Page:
Wednesday, August 13, 2008

Ron Gragg - Nothing But The Blood

Hear The Track Here

This is the third time I have reviewed something by Christian Rock artist Ron Gragg. Firstly as part of the Soundclick project that became the track from Cam's Even Song - Praise The Name Of The Lord (January 2007) and secondly in his own right with Bang Bang (July 2008). I've found a few things to quibble about but overall these things are as much a matter of taste as opinion anyway. The God I know and love made music the only language I'd ever need so who am I to say right or wrong. As you may have suspected, I am getting all sweaty in the pulpit because - above all things - it is time to get down (yeah!) on my knees (oh yeah) and pray (amen) I said pray (amen) that I get the tone of this review right.

(Ed: yeah, way to go Gilmore. The instinct of a bull moose.)

Nothing But The Blood is Ron's interpretation of the Robert Lowry hymn first published in 1876 and popularised lately by Jars Of Clay. This is obviously a peice of music dear to Ron's heart because it appears he has unearthed the original (longer) version that somehow got changed in most modern church hymnals. When reviewing Bang Bang I gave Ron a bit of grief about the tentative nature of the vocals and I don't have any problems on that score with this track. In fact, the vocals (and lyrics) are the star turn in this deceptively simple arrangement, and it is rightly given centre stage. His growly, laconic vocals are a treat to behold.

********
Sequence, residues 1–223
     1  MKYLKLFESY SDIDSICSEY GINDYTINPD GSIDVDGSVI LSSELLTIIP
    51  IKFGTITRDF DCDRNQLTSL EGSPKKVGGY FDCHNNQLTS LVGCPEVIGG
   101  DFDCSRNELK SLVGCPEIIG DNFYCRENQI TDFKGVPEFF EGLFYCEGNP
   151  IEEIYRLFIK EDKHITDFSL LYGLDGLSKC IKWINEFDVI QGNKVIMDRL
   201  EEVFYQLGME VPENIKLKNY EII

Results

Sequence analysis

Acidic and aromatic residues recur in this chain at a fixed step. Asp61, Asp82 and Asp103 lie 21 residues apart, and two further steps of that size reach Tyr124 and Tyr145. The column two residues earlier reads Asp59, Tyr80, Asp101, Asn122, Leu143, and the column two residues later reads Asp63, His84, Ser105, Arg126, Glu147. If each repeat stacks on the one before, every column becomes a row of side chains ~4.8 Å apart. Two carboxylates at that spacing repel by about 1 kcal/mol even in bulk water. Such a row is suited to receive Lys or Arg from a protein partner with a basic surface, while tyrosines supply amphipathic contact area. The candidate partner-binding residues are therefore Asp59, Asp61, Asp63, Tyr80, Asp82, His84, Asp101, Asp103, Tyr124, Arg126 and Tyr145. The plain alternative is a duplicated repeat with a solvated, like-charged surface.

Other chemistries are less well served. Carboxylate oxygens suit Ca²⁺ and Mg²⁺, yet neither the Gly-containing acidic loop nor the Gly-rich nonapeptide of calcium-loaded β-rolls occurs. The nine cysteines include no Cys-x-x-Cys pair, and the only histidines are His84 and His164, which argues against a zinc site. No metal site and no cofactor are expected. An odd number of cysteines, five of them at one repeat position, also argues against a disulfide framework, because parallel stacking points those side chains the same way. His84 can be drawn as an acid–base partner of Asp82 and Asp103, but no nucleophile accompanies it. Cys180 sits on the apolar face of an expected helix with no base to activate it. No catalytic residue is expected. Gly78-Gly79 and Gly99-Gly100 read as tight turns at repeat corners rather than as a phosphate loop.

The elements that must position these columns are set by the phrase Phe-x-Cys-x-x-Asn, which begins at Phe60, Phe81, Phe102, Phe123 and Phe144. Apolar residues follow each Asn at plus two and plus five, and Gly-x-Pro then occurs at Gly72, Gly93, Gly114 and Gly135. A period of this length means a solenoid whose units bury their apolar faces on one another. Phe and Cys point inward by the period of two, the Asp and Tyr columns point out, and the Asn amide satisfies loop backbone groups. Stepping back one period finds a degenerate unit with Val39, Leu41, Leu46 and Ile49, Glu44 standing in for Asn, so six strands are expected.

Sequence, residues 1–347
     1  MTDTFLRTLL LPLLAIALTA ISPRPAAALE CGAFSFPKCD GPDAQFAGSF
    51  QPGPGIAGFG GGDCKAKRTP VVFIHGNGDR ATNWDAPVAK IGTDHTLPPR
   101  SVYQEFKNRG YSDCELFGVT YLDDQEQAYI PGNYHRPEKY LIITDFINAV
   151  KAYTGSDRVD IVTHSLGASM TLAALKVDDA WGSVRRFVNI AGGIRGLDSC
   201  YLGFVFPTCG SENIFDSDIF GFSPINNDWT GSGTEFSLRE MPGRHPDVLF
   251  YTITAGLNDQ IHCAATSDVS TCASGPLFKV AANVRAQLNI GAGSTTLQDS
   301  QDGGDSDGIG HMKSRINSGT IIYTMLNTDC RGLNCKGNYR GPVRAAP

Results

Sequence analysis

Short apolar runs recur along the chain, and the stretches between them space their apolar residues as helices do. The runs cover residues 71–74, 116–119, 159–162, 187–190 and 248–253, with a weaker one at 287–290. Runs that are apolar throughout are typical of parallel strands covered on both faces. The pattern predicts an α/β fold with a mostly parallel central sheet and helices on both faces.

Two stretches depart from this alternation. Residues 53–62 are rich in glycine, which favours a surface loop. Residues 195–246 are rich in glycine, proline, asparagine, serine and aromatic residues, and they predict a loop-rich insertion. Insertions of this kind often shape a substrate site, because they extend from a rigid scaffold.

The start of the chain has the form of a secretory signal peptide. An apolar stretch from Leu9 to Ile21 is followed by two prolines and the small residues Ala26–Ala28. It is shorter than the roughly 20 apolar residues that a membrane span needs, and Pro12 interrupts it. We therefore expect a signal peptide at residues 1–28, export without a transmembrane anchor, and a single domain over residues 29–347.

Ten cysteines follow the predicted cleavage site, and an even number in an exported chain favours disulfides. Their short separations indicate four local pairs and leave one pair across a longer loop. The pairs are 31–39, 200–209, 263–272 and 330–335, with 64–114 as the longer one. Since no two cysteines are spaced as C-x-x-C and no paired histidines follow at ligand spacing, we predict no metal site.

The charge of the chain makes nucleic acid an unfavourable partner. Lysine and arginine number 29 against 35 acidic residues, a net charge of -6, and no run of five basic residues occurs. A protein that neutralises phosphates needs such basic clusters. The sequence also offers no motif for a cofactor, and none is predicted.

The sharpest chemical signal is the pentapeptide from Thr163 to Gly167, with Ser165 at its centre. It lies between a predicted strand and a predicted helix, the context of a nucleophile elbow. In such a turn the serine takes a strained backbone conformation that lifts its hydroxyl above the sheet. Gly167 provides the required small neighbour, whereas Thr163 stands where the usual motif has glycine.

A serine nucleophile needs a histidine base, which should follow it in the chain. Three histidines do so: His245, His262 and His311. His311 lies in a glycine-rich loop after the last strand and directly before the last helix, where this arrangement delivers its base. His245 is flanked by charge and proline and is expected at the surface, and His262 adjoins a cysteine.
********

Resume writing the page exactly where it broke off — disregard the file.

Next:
For me the true test of how good the track is, especially when listening to something of this nature, is how will it appeal to someone who doesn't like hymns and think most Christian Rock is pants? Well, if you took no notice of the lyrics or the songs original provenance, even the most hard hearted cynic would have to admit that - if nothing else - this treatment is a very good peice of musical work. On that basis I have to say I liked this immensely because it shows respect in all the right places, and a warm, welcoming sound that this artist should be proud of.

Highly Recommended treatment of a classic hymn.

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